4. Science - Use scientific concepts, principles, research, and theory promote your cause. Psychology’s been heavily used in advertising and in persuasive writing. Study copywriting. Dig up stuff from the natural sciences and social sciences. Use what you dig up to strengthen your idea. Use what you’ve learned to strengthen your sales pitch. Allay my fears that I won’t be able to run the microwave and TV at the same time on a cloudy winter day. Isn’t that what can happen if you depend 100% on solar power?

Posted by sustainabilityideas at 8:22 PM EST
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Friday, January 4, 2008
Be a Better Advocate for Your Cause
Mood:  blue

Activists want to sell ideas - conservative ideas, liberal ideas, environmental ideas, and many other types of ideas. Social change necessarily depends on getting ideas and selling them effectively. Promoting new beliefs, laws, lifestyle choices, policies, programs, regulations, and values could (One hopes!) be done more effectively with the right tools and techniques applied at each stage of the process. This post is about new tools and techniques that can be used at each stage of the advocacy process.

1. Defining the Problem - What problem are you addressing here? What, specifically, do you want to accomplish? Thinkertoys and Cracking Creativity (both by Michael Michalko) describe some easy techniques for exploring a problem, or challenge if you like to keep things positive. Using one or two should give you a much clearer idea of what you want to do or need to do.

(If you are getting into the advocacy game after the challenge and general approach have been defined you can still use the tools and techniques referenced in the following sections.)

2. Defining a Good Idea - Take a few minutes ahead of time and think about the criteria that define a good idea. You need to at least spend a few minutes considering your audience, your resources, the social environment, and the timeframe in question.

3. Generating Ideas - Traditional, informal brainstorming could come into play at this stage. You know how to do that sort of brainstorming. You may not know about the many, many techniques that exist for generating ideas. Thinkertoys and Cracking Creativity describe many brainstorming tools. Try two of them, one traditionally “creative” and one systematic.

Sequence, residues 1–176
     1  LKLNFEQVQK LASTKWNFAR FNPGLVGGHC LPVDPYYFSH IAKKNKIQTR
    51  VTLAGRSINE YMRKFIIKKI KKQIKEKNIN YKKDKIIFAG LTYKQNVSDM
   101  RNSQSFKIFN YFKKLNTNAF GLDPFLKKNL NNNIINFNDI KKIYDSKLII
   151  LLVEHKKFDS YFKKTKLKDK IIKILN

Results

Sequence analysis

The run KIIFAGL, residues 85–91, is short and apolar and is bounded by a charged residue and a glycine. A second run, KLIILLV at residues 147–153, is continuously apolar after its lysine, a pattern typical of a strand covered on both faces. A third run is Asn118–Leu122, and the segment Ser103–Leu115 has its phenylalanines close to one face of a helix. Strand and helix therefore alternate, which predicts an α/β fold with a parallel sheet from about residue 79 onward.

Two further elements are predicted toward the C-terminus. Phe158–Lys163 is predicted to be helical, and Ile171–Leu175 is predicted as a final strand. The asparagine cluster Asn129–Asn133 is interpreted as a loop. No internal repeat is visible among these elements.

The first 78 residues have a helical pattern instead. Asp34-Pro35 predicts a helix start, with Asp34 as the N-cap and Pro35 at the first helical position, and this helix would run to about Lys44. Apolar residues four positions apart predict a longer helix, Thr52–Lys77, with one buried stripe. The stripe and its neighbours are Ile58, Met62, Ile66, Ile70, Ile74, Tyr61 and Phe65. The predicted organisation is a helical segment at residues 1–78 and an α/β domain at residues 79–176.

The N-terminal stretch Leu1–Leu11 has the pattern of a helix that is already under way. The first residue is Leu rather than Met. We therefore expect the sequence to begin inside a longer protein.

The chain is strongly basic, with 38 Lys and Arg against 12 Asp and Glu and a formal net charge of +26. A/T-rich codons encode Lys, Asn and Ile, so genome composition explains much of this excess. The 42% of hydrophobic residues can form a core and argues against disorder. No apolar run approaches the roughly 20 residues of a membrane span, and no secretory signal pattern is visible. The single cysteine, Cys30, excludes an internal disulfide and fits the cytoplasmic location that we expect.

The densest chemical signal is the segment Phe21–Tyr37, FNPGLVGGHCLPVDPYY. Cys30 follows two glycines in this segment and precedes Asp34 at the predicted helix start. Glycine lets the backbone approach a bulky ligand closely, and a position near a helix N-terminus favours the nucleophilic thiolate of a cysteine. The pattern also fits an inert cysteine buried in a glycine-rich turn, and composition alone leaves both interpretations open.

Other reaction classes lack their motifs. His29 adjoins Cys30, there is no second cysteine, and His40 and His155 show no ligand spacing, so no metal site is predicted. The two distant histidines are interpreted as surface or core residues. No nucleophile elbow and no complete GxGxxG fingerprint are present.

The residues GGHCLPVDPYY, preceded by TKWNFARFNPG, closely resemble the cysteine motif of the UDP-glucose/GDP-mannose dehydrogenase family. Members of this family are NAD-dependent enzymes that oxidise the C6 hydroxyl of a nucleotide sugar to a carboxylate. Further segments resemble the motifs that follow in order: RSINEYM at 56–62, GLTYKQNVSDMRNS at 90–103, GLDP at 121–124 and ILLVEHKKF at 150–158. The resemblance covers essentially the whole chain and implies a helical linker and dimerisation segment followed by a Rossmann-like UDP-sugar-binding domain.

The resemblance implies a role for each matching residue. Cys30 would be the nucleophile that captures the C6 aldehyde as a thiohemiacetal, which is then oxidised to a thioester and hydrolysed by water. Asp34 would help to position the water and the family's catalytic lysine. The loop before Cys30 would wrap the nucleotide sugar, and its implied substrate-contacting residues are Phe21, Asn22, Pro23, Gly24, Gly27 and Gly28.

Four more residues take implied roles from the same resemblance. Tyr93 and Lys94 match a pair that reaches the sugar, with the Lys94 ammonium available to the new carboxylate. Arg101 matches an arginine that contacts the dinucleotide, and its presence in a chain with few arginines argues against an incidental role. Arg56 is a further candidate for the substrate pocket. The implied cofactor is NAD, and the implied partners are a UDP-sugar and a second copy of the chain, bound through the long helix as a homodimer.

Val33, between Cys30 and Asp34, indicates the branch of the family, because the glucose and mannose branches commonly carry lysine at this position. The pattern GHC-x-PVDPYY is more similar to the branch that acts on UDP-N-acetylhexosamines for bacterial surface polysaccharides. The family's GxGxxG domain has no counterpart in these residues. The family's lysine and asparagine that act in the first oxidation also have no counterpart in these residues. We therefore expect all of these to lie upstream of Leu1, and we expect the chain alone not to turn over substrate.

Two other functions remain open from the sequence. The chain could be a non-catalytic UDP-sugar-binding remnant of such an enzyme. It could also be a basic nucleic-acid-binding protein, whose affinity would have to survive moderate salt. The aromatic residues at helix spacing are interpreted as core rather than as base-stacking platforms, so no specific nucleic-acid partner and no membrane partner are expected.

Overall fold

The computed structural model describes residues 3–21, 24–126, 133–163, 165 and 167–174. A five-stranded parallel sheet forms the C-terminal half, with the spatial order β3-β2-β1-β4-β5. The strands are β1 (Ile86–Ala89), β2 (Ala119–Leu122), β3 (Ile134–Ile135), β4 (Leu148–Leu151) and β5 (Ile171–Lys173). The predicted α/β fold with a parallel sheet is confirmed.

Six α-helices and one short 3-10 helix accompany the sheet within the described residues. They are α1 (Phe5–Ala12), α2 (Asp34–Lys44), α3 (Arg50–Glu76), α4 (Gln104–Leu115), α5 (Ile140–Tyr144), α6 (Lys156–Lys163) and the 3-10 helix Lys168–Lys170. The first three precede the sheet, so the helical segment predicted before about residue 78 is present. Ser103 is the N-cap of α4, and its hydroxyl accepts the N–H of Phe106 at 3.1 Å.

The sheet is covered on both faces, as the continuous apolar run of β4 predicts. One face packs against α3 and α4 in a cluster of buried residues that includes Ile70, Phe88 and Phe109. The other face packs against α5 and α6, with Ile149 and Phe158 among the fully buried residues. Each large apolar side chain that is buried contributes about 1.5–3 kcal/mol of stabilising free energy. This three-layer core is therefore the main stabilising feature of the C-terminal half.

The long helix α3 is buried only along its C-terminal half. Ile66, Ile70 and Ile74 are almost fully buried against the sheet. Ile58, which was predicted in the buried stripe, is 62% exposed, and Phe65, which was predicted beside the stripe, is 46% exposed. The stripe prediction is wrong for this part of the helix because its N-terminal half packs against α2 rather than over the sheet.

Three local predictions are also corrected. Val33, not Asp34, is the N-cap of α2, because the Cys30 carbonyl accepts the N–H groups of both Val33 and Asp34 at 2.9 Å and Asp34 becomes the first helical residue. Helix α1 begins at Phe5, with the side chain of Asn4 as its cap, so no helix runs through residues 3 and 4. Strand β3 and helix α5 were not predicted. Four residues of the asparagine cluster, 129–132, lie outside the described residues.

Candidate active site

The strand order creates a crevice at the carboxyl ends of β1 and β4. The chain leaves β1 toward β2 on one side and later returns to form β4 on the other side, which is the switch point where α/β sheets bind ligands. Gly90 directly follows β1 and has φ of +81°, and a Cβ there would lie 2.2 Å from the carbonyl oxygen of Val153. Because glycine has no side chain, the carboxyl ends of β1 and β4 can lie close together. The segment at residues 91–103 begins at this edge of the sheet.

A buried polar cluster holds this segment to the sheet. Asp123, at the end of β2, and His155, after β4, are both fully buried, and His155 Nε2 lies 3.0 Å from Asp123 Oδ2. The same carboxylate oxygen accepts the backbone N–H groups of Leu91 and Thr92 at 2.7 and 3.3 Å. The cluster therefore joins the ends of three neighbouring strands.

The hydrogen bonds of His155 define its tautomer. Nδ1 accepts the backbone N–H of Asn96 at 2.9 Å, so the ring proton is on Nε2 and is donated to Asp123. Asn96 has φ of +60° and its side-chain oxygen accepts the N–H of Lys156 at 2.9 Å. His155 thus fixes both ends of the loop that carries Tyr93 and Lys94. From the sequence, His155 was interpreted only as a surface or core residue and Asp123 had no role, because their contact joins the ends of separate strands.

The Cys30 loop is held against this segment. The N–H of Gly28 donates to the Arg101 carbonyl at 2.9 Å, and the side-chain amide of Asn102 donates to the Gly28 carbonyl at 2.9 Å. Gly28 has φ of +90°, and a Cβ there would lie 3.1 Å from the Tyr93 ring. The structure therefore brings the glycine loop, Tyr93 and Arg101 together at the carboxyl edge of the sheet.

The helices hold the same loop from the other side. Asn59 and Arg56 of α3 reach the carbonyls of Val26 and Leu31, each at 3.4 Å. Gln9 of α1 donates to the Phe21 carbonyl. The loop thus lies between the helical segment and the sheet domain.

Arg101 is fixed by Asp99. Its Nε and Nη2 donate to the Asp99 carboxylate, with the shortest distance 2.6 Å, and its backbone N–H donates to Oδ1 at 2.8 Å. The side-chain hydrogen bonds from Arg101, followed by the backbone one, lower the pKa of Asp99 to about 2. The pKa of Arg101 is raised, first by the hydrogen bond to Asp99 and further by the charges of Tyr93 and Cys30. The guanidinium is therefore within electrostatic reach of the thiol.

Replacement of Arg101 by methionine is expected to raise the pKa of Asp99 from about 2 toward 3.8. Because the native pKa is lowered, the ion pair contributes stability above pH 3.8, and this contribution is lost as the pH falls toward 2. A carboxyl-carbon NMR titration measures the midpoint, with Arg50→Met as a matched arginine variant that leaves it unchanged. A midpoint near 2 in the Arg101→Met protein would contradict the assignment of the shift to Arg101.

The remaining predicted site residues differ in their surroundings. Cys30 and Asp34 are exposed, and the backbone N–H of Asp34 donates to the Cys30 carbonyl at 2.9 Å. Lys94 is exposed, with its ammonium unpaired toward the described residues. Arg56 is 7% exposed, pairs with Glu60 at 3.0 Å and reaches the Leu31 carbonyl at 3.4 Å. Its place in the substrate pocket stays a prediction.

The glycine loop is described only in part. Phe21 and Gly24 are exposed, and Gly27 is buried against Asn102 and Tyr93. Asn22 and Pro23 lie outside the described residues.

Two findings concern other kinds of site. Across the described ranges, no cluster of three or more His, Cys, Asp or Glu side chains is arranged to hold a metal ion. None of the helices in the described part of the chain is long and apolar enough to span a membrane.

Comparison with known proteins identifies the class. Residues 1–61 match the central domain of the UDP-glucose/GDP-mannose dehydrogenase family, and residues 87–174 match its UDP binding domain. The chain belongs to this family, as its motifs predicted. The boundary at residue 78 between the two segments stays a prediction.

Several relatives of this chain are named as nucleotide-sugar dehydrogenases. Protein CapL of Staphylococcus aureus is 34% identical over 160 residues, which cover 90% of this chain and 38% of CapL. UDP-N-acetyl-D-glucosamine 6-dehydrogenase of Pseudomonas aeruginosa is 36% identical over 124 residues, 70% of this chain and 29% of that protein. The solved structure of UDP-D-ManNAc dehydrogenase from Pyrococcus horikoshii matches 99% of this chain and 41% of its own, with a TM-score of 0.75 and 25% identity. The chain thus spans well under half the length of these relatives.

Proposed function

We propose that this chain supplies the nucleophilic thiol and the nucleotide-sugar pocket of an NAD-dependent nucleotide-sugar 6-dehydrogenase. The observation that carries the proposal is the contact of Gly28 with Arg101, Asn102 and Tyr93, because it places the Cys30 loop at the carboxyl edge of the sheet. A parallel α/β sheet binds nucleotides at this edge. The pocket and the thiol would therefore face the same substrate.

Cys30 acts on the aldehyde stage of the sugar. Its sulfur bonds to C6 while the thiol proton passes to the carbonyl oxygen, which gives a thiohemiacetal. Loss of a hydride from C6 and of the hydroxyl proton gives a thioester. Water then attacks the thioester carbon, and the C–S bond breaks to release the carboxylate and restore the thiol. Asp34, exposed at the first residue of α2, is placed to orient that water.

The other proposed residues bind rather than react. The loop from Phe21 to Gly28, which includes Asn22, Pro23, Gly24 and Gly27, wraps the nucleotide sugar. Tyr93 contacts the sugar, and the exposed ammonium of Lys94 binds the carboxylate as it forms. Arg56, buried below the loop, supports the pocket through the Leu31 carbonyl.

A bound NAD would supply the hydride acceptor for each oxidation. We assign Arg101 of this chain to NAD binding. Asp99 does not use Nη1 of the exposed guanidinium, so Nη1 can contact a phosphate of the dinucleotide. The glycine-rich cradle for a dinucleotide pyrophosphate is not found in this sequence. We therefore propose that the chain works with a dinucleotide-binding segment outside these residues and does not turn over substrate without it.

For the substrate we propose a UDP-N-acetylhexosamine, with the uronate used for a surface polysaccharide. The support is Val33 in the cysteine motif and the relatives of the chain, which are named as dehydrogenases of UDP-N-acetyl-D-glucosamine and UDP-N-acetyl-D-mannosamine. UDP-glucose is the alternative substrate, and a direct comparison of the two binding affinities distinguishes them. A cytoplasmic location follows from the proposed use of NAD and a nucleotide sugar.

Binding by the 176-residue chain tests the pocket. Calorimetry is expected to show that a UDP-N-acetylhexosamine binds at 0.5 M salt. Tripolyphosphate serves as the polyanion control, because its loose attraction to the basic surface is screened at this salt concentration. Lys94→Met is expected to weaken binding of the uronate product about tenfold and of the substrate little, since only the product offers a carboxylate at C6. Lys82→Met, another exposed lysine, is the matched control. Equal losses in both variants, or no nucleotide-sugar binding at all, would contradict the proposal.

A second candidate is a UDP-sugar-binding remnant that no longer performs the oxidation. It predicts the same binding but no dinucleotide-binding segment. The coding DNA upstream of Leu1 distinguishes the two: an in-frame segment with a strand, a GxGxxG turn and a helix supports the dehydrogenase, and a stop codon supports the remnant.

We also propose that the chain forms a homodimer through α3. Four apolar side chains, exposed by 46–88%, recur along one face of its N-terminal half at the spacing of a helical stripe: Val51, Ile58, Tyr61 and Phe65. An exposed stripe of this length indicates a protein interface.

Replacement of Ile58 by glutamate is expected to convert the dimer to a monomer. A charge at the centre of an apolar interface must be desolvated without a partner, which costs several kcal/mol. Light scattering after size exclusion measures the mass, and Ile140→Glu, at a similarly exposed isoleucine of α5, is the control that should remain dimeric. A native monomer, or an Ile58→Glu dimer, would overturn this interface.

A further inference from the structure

4. Evaluating Ideas - An informal process of comparing your list of ideas to the criteria that define a good idea. Many ideas are rather weak in their original form. Don’t worry about that! Take promising ideas and reinforce them. offers some guidance on strengthening your ideas.

5. Deciding What to Do - Taking time to formally study a decision is usually a good idea. Some decisions are simple enough to make without much research or analysis. For the other decisions that come at you, there is a need to develop a formal method for deciding what to do. The “Decision Making” menu option at mind summarizes many decision analysis techniques.

6. Doing Something - This is the obvious last step in any advocacy effort. This is also a subject for another post. I’ll describe some principles and practices that can lead to better results.

Remember, even a small improvement (however defined) in two or three parts of the process could really make a difference! Who wants to study these techniques and apply them to a real project? I do!

Posted by sustainabilityideas at 9:16 PM EST
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Wednesday, January 2, 2008
Getting Better Social Change Results
Mood:  chillin'

The beginning of a new year brings with it a wonderful opportunity to reflect on how our social change efforts can be improved. Sustainable businesses need to innovate and advertise and promote. Nonprofits need to raise money and develop new programs or projects. Social marketing campaigns are always starting up. Activists and nonprofit managers are interested in public education and advocacy efforts, that are maximally effective.